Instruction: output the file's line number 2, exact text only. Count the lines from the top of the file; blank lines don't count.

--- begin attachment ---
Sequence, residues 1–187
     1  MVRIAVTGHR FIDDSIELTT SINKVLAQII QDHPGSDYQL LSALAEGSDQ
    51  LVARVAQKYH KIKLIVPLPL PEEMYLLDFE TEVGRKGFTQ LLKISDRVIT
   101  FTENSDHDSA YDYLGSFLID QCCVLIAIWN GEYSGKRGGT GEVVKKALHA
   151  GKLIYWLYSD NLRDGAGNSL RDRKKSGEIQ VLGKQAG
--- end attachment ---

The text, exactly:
     1  MVRIAVTGHR FIDDSIELTT SINKVLAQII QDHPGSDYQL LSALAEGSDQ